Nader Shah Afshar dispelled the invading Afghans, to claim the Persian throne in 1736. Nader captured Kandahar, Kabul, to defeat the Indian army then, sacking Delhi and slaughtering thousands of local people; there, Nader stole the Koh-i-Noor diamond and the Peacock Throne.
Nader Shah Afshar was born at Khorasan, within the Qereqlu clan of the Afshars. Nader's family was of peasants; whereas Nader was a child when he lost his father, both Nader and his mother were enslaved by the Uzbeg people.
Subsequently, Nader Shah Afshar managed escaping from then, and being still a child joining the armed bands of the region; Nader would ascend in their ranks, to end up leading some of them. So, Nader eventually joined the Turkic Afshar people, eventually leading them.
Fighting the invadersEdit
By 1719, the Afghans had revolted, dethroning the Persian shah, as the nation was also invaded by Ottomans and Russians; amidst such chaos, initially for expelling the Afghans from Khorasan, Nader Shah Afshar and his 5,000 men joined the Safavid tribe.
When Nader denounced some treacherous correspondence of two officers of the shah, Nader was appointed the supreme commander of the army; Nader then was known as the Tahmasp Qoli (slave of Tahmasp).
In 1726, Nader retrieved Mashhad, but he then decided not to rush straightly for liberating Isfahan, the capital of the Safavid dynasty. Instead, Nader defeated the Afghans at Herat, and some Abdali Afghans indeed joined his army. Then, Nader finished off the enemy in 1729, in two battles Damghan and at Murchakhort. Next, it was Isfahan's turn, and Nader restored it to the Safavids.
During 1730, Nader faced the Ottomans, indeed retrieving most of their invaded territories. However, Nader forcibly had to attend a rebellion of the Abdali Afghans, who were besieging Mashhad, which was suppressed after a protracted struggle of fourteen months.
Claiming the crownEdit
Despite liberating Isfahan, Nader immediately spoilt the city for rewarding his armies. Disregarding, Nader married the shah's sister, and he also was appointed governor of many eastern areas, amongst which his native Khorasan was.
Although Nader Shah Afshar had attained so many military victories, the ruling shah did silly things which led to the losing of most Nader's conquering against the Ottomans. Nader took political distance then, denouncing such treaties before the public opinion, while seeking consensus for a war against the Ottomans. Furthermore, Nader publickly mocked the national leader of the Safavid at Isfahan, bringing him to a public space, while he was quite drunk.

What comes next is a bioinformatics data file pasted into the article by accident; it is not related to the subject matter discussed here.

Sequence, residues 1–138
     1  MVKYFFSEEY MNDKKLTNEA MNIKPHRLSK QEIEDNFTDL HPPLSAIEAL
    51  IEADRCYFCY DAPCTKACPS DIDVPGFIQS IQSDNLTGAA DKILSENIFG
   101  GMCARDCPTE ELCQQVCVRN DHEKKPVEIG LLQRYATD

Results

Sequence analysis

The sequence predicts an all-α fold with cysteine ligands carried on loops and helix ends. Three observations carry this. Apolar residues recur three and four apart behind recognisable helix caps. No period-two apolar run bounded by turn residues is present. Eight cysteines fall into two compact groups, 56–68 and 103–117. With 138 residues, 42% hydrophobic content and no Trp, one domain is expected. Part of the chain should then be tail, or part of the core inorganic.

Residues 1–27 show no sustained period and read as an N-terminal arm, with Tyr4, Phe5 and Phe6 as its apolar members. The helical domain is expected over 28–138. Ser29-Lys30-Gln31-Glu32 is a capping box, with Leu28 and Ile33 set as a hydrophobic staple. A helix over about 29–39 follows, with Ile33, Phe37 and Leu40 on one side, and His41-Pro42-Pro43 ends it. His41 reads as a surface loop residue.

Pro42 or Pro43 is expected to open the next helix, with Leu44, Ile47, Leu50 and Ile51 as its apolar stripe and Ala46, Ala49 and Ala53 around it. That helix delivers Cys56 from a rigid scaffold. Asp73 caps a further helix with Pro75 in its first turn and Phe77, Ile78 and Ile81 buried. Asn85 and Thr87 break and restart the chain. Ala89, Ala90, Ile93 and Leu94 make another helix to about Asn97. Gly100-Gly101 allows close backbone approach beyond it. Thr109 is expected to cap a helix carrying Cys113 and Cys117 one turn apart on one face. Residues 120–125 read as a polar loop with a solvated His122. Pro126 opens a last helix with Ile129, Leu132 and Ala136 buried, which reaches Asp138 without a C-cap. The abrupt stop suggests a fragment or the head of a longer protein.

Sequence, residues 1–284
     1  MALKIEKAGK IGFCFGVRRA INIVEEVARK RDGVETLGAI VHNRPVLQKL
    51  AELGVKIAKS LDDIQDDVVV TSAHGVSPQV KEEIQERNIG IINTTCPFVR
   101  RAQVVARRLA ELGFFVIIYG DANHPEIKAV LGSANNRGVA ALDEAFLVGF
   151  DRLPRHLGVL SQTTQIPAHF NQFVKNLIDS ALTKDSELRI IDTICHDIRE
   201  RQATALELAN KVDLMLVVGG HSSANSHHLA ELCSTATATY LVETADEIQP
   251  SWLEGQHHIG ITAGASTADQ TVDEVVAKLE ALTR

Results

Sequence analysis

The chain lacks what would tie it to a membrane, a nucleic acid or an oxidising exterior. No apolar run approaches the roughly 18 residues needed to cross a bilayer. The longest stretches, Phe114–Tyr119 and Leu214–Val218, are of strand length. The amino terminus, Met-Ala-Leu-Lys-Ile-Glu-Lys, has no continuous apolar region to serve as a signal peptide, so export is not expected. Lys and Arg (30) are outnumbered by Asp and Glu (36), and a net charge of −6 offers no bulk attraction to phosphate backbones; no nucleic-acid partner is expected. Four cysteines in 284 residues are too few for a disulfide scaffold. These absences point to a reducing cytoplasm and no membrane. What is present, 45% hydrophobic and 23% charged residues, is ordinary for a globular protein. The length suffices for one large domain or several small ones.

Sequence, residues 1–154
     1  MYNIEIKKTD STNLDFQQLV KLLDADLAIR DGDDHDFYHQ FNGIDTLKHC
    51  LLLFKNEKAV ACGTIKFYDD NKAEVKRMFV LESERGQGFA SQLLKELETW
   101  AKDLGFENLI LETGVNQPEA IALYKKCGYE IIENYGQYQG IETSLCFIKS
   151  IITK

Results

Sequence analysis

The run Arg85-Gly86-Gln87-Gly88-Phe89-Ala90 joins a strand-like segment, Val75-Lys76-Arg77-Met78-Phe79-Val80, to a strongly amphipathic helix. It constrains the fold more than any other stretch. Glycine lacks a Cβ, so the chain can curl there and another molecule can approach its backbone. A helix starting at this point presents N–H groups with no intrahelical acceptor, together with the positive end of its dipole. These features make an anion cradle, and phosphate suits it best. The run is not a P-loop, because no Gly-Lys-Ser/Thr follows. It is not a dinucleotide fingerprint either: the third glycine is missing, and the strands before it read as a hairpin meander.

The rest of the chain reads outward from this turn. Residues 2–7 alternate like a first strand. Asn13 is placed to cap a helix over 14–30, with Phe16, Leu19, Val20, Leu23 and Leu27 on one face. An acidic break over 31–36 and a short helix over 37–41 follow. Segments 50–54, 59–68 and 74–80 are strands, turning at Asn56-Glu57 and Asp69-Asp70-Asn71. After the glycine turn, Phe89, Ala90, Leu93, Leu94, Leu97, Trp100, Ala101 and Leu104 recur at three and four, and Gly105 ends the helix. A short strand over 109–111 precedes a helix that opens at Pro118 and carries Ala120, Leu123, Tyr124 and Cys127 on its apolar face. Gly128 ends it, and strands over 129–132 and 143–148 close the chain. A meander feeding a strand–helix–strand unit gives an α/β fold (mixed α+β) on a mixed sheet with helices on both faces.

Nader definitively deposed him in 1732, taking the power as their regent in 1732 while appointing his child for that throne; in 1736 Nader definitively seized the crown just for himself, becoming the Shah.
Finishing the OttomansEdit
Despite the distractions of many Persian revolts, Nader reached the outskirts of Baghdad twice; he was repelled in 1733, but in 1735 he managed keeping the siege over that city and over the northern Ganja as well. After achieving a pact with the Russians, Nader definitively defeated the numerically superior Ottomans at Baghavard. The Russians also agreed to recall all their troops from Persian land.
Finishing the AfghansEdit
Nader wouldn't give up the fight against the Afghans either, chasing their leader until he was assassinated by his own followers. In 1738, Nader leveled Kandahar, and then he built Naderabad off there. At this point, the Afghan menace had been definitively dispelled from Iranian territory.
Nader Shah Afshar started building his new kingdom, with northern campaigns over Afghanistan, capturing Kandahar and Kabul (1738).
Then, Nader headed eastwards, irrupting into India in 1739, to firstly defeat its Mughal armies at the Battle of Karnal in February, then foraying the fallen Delhi in March. As 30,000 local people were slaughtered, for Nader the booty comprised invaluable things (the Peacock Throne), hatfuls of gems (including the Koh-i-Noor diamond), and several thousands of young slaves. Indeed, the whole of it resulted so valuable, that back in Iran Nader Shah Afshar didn't need to collect taxation amongst his people for the next three years.
In his violent kingdomEdit
Nader Shah Afshar ruled his big kingdom under convulsed circumstances: In 1740, he executed the original Safavid royal family, whose deposition had originally yielded Nader's crowning; in 1741, after a failed assassination attempt Nader blinded his own elder son.
Nader Shah Afshar was assassinated in 1747.
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